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Video: Melanie Gonick; additional footage: Irene Chen
Self-oscillating gels are materials that continuously change back and forth between different states — such as color or size — without provocation from external stimuli. These changes are caused by the Belousov-Zhabotinsky chemical reaction, which was discovered during the 1950s.
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- International studies
- The MIT International Science and Technology Initiatives (MISTI) connects MIT students and faculty with research and innovation around the world.
- Chain reaction
- Last year, over 1,100 people came, participated and watched as artist and renowned chain reaction creator Arthur Ganson led the 12th Annual Friday Aft...
- Double cone and plane
- A double cone is placed on the bars of an inclined plane. Instead of rolling down the plane the cone rolls up. Although the plane slants upward, the b...
- Moon hopping
- A team of MIT students led by Professor of the Practice of Astronautics and former NASA astronaut Jeffrey Hoffman have designed and built a prototype ...
- Greenhouse gas
- David Simchi-Levi, a professor in MIT's Engineering Systems Division and Department of Civil Engineering, discusses lowering greenhouse emissions gene...
- New Koch Institute
- A peek into the development of the new David H. Koch Institute for Integrative Cancer Research. The formal dedication ceremony will be held on March 4...
- Solar fuel
- MIT Professor Jeffrey Grossman explains how this material can be used to store and release energy in the form of heat.
- Breakdown air
- Grounding rod tips of different sizes are used to discharge a large Van de Graaff generator. The larger the curvature of the tip, the more charge must...
- Solar paper airplane
- MIT Professor Karen K. Gleason explains how graduate student Miles Barr folds a solar cell into a paper airplane - research that is part of the Eni-MI...
- The study of water
- MIT's Aga Khan Professor of Architecture James Wescoat, who specializes in the study of water, uses a decidedly interdisciplinary approach in his rese...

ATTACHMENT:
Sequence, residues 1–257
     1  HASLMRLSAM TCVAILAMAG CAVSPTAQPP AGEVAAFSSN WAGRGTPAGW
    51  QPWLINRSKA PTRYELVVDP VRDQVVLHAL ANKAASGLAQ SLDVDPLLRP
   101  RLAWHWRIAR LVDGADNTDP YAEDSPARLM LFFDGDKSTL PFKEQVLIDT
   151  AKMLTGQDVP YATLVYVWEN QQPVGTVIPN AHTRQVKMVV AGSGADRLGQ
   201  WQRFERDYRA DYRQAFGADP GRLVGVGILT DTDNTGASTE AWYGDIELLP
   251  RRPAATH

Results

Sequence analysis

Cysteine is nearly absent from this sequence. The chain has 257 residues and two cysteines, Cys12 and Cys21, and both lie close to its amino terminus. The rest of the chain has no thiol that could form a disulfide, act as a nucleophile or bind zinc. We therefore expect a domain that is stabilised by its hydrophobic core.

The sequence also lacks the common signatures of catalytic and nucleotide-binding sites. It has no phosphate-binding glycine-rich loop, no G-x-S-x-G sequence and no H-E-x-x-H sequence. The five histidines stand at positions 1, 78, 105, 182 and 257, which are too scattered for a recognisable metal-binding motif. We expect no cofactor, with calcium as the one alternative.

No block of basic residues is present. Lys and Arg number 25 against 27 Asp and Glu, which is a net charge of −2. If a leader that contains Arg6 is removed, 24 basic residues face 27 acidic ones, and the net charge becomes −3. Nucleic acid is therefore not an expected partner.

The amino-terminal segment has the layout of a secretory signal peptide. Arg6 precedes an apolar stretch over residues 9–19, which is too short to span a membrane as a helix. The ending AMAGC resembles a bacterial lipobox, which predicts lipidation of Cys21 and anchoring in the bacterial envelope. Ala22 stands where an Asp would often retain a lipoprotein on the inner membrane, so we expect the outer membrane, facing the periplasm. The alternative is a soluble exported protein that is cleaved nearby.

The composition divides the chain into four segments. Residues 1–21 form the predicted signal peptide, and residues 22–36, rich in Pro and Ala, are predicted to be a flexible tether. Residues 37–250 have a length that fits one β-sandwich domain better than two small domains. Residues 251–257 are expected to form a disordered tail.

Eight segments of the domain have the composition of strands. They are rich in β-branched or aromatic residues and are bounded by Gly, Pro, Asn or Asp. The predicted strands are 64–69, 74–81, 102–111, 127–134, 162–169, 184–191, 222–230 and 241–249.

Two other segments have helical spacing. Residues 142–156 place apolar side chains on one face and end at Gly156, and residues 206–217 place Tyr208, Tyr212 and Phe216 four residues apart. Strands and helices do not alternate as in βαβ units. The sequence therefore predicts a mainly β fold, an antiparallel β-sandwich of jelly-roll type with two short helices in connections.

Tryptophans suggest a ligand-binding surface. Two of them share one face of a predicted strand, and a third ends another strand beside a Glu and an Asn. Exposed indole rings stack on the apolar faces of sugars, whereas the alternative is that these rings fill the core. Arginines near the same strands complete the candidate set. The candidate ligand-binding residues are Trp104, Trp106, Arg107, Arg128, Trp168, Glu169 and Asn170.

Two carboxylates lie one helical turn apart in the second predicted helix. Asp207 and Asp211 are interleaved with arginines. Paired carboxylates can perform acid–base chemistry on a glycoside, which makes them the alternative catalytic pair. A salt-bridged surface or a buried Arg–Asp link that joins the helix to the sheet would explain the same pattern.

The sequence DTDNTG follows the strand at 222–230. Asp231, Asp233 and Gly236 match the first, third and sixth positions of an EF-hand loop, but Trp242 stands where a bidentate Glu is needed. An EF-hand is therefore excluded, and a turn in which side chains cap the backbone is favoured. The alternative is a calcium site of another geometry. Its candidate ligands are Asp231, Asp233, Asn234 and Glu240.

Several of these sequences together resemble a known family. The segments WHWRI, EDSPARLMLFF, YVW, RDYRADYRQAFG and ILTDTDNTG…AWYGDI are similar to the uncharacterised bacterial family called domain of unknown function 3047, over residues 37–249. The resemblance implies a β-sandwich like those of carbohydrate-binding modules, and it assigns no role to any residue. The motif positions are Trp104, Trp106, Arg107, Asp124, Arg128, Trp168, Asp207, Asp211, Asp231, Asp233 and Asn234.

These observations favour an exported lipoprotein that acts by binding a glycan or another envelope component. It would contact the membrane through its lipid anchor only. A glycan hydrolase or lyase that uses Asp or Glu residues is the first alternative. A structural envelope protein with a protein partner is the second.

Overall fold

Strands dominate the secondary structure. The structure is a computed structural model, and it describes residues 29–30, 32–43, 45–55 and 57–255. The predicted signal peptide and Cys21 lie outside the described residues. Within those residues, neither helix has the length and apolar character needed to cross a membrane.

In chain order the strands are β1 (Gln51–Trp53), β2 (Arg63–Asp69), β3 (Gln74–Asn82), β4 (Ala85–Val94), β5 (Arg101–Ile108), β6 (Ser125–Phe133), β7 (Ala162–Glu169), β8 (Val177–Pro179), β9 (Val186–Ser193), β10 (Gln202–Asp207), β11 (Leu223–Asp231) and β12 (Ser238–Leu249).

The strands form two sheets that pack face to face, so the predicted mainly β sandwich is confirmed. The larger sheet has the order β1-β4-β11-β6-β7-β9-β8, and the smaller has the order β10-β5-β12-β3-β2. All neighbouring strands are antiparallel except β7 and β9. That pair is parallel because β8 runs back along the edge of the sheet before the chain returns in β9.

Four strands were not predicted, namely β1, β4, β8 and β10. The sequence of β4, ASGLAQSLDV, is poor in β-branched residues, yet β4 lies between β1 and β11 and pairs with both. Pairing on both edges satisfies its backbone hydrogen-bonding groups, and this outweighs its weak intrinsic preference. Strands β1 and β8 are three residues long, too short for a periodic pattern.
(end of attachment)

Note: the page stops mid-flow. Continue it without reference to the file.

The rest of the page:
- Collective intelligence
- Thomas W. Malone, the Patrick J. McGovern Professor of Management at the MIT Sloan School of Management discusses collective intelligence.
- Models that monitor
- Professor George C. Verghese discusses research and education in his group that develops and applies computational models of human physiology for clin...
- A computer simulation of convective mixing in porous media shows that higher-density fluid enters the medium through the top boundary via diffusion, then sinks by convection caused by a gravity-driven instability. The simulation, performed in MATLAB, involves the solution of about 400 million degrees of freedom per time step, for a total of approximately 10,000 time steps.
- This illustration features a new catalyst developed at MIT which consists of a molybdenum atom (yellow) bound to four oxygen atoms (red). This complex, known as molybdate, binds two molecules of carbon dioxide (carbon atoms are gray), which can later be released to create organic compounds.
- President Reif and Secretary Pritzker, who work together through President Obama's Advanced Manufacturing Partnership
- Anant Agarwal (left), an MIT electrical-engineering professor and president of Harvard and MIT's online-learning initiative edX, and Isaac Chuang, an MIT physicist and associate director of MIT's Office of Digital Learning, chat between sessions with Eric Lander (center), director of MIT and Harvard's joint Broad Institute and co-chair of the President's Council of Advisors on Science and Technology
- Cynthia Dwork, distinguished scientist at Microsoft Research and pioneer of "differential privacy," the most mathematically rigorous notion of data privacy